The CDC may not be defining guns as a disease after all

One small bright spot popped up this week in the middle of a frenzy of gun control talk in Washington. The House Appropriations Committee took a vote on a spending amendment which would have provided funding for the CDC to study “the underlying causes of gun violence” and to make recommendations regarding same. Despite all the clamor coming out of South Carolina, the measure didn’t pass and the CDC will – at least for now – have to stick to matters actually related to disease control.

The House Appropriations Committee on Tuesday rejected, 19-32, an amendment from top Democratic appropriator Nita Lowey (D-N.Y.) that would allow the Centers for Disease Control and Prevention to study the underlying causes of gun violence.

The CDC hasn’t done any such research since 1996, when the National Rifle Association accused it of trying to use science to promote gun control. Congress threatened to totally defund the agency if the work continued, and appropriators ever since have included a prohibition on funding that kind of research with spending bills.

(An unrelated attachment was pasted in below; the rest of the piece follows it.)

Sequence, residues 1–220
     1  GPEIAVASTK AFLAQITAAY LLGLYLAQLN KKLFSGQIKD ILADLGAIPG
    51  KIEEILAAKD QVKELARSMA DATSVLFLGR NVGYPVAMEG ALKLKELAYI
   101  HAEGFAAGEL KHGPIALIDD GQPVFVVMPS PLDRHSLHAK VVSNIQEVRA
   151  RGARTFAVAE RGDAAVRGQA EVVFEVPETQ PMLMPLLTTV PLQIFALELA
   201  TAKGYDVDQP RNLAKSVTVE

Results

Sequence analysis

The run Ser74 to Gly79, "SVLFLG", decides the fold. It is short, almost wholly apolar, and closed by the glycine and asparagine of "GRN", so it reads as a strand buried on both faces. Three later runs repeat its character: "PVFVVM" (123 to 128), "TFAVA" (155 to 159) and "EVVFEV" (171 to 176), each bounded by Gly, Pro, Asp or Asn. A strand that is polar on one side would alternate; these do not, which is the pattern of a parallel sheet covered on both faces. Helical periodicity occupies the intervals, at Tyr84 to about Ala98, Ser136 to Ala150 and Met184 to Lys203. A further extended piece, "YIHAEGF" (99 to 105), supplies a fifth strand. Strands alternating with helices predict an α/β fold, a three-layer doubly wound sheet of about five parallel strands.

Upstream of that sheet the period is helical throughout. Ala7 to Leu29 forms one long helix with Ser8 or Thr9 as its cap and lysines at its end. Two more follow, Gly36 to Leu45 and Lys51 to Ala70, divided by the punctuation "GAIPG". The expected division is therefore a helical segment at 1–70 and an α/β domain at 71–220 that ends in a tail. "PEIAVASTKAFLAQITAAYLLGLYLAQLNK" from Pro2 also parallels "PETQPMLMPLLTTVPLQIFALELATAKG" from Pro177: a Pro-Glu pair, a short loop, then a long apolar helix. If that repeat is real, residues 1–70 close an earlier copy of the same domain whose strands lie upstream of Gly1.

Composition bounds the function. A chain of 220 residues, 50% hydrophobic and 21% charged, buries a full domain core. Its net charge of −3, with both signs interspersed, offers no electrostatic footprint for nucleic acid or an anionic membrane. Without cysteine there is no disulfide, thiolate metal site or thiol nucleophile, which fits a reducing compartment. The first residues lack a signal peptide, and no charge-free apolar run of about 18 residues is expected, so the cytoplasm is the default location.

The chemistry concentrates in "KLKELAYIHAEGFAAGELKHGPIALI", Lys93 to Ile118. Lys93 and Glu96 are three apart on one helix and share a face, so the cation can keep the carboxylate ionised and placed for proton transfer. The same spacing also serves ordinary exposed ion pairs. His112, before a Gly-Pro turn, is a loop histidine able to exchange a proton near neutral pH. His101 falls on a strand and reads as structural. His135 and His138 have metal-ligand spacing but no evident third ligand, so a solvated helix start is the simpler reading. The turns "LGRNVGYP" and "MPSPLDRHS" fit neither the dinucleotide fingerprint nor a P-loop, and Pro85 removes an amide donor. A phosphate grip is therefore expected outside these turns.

A House GOP staffer said the existing provision technically doesn’t bar gun-violence research. Rather, it blocks any gun-control advocacy by the CDC. However, Republicans would consider any CDC findings that recommend limitations on guns to be gun-control advocacy.

At a quick glance we might wonder what in the world the Center for Disease Control would be doing getting involved with gun related injuries in the first place. A gunshot isn’t a disease unless you survive a botched medical procedure and come down with lead poisoning at a later date. But liberals have long been keen on treating guns themselves as a social illness and one in need of redress. In that light, it’s not all that shocking that Democrat administrations would try to enlist the CDC into the gun grabbing battle. It’s a powerful bit of symbolism if they can accomplish it, much the same way that the Left attempts (with frequent success) to redefine the language to best suit their own purposes. Before too very long I expect the CDC to begin examining whether or not favoring tax cuts qualifies as a mental disorder.

For the time being at least, the CDC will stick to what remains of its core functions. So getting those majorities in both chambers of Congress wasn’t a complete waste of time after all. For purposes of revisiting this post later, I’ll emphasize the fact that I said “complete.”